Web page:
I hit a curious question for myself one day while driving to work. It seemed that no matter what time I left home, I got to work at nearly the same time. The idea being that traffic was such that it somehow normalized my arrival time. This puzzled me for a bit before I decided that the best way to deal with this quandary, was to test it. Easily done since I have a little GPS unit.

Armed with my Garmin, I logged five weeks of driving to work. This gave me a pile of data, so now what. I played with a few tools, Google Earth and the like, but none of these gave the information I wanted. Those that came close, wouldn’t present multiple data points in any way readable. Yeah for me; I get to write a tool.

I chose TCL/TK this time. (tclkit to be precise.) Partly because I have been finding it to be one of the cleaner cross-platfrom languages. Partly because of Tclkit. And mostly because you can use it without installing it. Download the interpreter and go. If you need some extensions, make a lib directory, drop them in there and append the auto_path. That’s all; a significantly easier process that most other languages. (well, Lua goes nearly as well, but doesn’t seem to have a good gui kit yet.) All that and I like the BSD license.

Anyways, I knew that the most important bit on information I wanted gleaned from my data was the start and finish times. Anything else would just be neatness. First I had to get the data out, quite easy to do with tdom, so no worries there. Then what to do with the data? A bit of poking and I decided that using a tabular view would be best. (Which brought wonderings on how spreadsheets would handle XML data, but I didn’t feel like investigating that.) So a bunch more poking, and I found tablelist, which turned out be be an awesome find.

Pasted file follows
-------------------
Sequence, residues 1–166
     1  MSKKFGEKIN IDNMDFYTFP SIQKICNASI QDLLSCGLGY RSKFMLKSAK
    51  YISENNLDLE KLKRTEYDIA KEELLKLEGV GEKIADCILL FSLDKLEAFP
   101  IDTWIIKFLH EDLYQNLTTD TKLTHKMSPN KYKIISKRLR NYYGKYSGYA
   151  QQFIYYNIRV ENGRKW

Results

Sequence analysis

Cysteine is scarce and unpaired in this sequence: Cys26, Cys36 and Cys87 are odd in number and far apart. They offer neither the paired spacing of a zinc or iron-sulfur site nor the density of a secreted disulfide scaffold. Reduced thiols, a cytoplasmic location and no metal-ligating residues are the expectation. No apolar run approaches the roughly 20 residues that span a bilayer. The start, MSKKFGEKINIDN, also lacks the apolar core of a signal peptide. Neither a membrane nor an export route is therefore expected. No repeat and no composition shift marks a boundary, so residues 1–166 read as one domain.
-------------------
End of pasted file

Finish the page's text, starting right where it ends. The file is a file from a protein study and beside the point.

The basic start stop time was right in the time stamps, so that was easy. So I had to add a bit more info. I wanted distance and speed. Speed would fall into place once I had distance, so easy there. Now getting the distance, in miles, from latitude and longitude data seemed like it was going to be a lot more difficult. Turns out to be quite simple, you use the Haversine Formula. So now I had the information I wanted out of my data.

This was too easy. So I added a very basic plot that was colored by speed, just because I could. I thought about tying a image of the roads into the plot, but I never really got around to it. As far as my original question, well, I’m not sure. The current data sample is inconclusive. I could find no collations between when I left, how long it took me, and when I arrived.

But I had fun playing with the data and building this tool, so it was a net gain.

(I also was too lazy to compile tdom for MacOSX, and just ran XP inside of VirtualBox. Just in case you’re wonding about the screenshot here.)

Silly me forgot to put this up first time around, but here is the code.